lost the steel towers, the flying ships,
the power wires, all the things they had
not created and could never keep. Perhaps,
later, some men had been born with the
mind and the courage to recover these
things which were lost; perhaps these men
came before the Councils of Scholars.
They were answered as I have been answered--
and for the same reasons.

But I still wonder how it was possible,
in those graceless years of transition,
long ago, that men did not see whither they
were going, and went on, in blindness and
cowardice, to their fate. I wonder, for it
is hard for me to conceive how men who
knew the word "I" could give it up and
not know what they lost. But such has been
the story, for I have lived in the City of
the damned, and I know what horror men
permitted to be brought upon them.

Perhaps, in those days, there were a few
among men, a few of clear sight and clean
soul, who refused to surrender that word.
What agony must have been theirs before
that which they saw coming and could not
stop! Perhaps they cried out in protest and
in warning. But men paid no heed to their
warning. And they, these few, fought a
hopeless battle, and they perished with
their banners smeared by their own blood.
And they chose to perish, for they knew.
To them, I send my salute across the centuries,
and my pity.

Theirs is the banner in my hand. And I wish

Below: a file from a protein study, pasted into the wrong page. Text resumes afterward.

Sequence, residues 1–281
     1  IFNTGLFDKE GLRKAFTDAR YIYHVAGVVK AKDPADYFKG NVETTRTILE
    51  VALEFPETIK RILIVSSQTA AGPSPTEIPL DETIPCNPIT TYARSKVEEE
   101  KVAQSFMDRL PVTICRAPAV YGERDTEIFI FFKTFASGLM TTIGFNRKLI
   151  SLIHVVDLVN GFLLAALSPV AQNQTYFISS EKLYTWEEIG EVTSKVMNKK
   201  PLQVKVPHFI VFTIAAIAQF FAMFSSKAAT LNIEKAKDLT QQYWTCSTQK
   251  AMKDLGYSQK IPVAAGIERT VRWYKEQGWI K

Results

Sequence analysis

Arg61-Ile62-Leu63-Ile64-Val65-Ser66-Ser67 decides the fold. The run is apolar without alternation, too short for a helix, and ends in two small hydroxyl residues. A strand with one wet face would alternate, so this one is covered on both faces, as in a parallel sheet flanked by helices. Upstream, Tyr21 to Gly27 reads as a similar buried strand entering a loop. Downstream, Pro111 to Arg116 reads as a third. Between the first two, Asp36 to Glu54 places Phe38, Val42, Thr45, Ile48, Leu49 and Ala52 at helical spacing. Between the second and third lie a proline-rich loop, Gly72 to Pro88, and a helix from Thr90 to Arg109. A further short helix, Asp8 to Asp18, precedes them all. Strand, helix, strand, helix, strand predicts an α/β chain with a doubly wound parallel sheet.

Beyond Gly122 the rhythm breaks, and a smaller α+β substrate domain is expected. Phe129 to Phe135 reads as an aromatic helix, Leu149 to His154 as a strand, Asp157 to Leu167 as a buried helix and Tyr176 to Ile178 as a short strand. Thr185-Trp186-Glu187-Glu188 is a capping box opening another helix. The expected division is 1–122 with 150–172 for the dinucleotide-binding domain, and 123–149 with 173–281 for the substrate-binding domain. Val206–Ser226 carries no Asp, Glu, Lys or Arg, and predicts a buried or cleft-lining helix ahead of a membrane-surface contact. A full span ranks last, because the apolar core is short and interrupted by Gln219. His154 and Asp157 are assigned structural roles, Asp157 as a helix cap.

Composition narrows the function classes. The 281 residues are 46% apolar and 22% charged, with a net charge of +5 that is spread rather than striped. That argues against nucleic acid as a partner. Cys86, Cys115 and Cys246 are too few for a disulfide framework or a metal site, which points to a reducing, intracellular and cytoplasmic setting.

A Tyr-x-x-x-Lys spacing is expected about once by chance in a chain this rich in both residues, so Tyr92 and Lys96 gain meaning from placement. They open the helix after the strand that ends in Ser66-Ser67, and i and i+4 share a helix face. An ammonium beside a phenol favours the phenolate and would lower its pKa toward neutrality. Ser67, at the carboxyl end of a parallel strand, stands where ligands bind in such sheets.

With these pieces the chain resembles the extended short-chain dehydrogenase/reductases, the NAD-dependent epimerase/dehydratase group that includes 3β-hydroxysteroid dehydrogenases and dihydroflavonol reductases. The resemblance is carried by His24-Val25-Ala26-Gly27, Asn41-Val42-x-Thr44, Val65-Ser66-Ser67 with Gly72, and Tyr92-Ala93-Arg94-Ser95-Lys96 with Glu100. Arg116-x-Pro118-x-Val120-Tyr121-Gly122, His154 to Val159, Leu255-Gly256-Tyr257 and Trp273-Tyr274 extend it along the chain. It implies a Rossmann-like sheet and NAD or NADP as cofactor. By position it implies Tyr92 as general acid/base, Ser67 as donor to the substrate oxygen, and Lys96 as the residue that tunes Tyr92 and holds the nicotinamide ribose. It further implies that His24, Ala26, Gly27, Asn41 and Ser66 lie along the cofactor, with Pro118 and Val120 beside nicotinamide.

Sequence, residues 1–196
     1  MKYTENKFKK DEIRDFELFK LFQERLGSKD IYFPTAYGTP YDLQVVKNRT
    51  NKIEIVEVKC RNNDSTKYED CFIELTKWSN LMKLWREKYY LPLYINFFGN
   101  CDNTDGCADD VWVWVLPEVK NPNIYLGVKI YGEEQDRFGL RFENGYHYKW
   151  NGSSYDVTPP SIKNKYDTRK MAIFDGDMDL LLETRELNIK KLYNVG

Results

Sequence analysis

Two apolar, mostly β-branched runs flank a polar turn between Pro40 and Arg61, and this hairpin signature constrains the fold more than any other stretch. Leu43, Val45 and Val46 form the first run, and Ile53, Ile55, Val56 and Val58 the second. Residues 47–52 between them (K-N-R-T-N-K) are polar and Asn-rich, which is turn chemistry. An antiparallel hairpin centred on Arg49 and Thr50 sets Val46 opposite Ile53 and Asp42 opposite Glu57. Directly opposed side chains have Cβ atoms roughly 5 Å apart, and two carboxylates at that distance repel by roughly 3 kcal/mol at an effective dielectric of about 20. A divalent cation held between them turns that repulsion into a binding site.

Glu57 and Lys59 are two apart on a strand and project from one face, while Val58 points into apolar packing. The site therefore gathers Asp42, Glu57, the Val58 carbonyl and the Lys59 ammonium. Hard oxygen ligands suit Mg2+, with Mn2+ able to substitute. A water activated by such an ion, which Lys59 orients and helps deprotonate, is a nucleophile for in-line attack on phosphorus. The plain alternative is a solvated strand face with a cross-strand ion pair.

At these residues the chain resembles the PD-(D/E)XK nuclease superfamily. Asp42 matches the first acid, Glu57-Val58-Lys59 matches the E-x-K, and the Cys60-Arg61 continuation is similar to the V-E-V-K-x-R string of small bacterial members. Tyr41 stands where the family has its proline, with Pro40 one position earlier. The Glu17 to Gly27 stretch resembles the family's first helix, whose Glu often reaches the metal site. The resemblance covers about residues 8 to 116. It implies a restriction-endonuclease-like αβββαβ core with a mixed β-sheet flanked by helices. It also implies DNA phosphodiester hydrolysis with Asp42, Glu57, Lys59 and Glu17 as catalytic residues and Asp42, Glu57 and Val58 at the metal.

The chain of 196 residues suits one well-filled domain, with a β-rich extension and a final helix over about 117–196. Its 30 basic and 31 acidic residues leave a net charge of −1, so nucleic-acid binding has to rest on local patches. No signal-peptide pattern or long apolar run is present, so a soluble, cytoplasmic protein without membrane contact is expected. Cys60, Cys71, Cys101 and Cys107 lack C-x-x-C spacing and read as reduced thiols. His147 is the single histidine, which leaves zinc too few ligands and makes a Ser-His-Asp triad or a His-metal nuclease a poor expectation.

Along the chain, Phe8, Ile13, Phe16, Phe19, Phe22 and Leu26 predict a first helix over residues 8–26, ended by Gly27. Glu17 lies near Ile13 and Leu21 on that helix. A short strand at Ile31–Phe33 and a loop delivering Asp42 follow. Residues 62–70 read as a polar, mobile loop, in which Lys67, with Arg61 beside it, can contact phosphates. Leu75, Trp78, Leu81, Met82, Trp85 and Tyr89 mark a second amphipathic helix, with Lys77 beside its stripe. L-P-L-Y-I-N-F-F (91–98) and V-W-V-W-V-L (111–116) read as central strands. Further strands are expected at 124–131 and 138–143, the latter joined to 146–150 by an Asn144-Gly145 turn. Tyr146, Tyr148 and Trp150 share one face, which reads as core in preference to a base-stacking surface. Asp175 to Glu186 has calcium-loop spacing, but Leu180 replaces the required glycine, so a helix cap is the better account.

I had the power to tell them that the despair
of their hearts was not to be final,
and their night was not without hope.
For the battle they lost can never be lost.
For that which they died to save can never perish.
Through all the darkness, through
all the shame of which men are capable,
the spirit of man will remain alive on this
earth. It may sleep, but it will awaken.
It may wear chains, but it will break through.
And man will go on. Man, not men.

Here on this mountain, I and my sons
and my chosen friends shall build our new
land and our fort. And it will become as
the heart of the earth, lost and hidden at
first, but beating, beating louder each day.
And word of it will reach every corner
of the earth. And the roads of the world
will become as veins which will carry the
best of the world's blood to my threshold.
And all my brothers, and the Councils of
my brothers, will hear of it, but they will
be impotent against me. And the day will
come when I shall break all the chains of
the earth, and raze the cities of the enslaved,
and my home will become the capital of a
world where each man will be free to exist
for his own sake.

For the coming of that day shall I fight,
I and my sons and my chosen friends.
For the freedom of Man. For his rights.
For his life. For his honor.

And here, over the portals of my fort,
I shall cut in the stone the word which is
to be my beacon and my banner. The word
which will not die, should we all perish in
battle. The word which can never die on
this earth, for it is the heart of it and the
meaning and the glory.

The sacred word:

EGO

Content of PART TWELVE
The End
Ayn Rand's novella: Anthem